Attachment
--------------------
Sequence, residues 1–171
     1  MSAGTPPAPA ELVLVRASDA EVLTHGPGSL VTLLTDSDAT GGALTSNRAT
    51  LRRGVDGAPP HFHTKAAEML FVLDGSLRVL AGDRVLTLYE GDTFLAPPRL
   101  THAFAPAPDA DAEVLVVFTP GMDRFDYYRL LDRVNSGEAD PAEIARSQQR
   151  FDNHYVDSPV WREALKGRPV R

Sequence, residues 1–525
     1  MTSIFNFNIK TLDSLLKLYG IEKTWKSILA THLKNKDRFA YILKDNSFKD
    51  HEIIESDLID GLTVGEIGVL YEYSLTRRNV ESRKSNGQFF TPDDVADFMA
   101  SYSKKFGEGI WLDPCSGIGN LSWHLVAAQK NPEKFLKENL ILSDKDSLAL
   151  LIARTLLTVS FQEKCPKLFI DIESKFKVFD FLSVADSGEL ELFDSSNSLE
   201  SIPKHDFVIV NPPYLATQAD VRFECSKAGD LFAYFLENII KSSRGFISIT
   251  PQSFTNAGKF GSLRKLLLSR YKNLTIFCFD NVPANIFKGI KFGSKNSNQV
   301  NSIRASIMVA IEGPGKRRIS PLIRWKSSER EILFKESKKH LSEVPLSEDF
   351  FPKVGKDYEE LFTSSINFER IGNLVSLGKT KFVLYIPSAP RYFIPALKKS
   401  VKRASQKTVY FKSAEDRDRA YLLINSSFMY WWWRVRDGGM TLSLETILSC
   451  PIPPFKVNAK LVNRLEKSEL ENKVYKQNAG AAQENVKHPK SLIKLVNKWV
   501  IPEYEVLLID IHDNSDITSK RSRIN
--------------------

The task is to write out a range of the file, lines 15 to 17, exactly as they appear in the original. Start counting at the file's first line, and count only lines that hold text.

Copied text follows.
   401  VKRASQKTVY FKSAEDRDRA YLLINSSFMY WWWRVRDGGM TLSLETILSC
   451  PIPPFKVNAK LVNRLEKSEL ENKVYKQNAG AAQENVKHPK SLIKLVNKWV
   501  IPEYEVLLID IHDNSDITSK RSRIN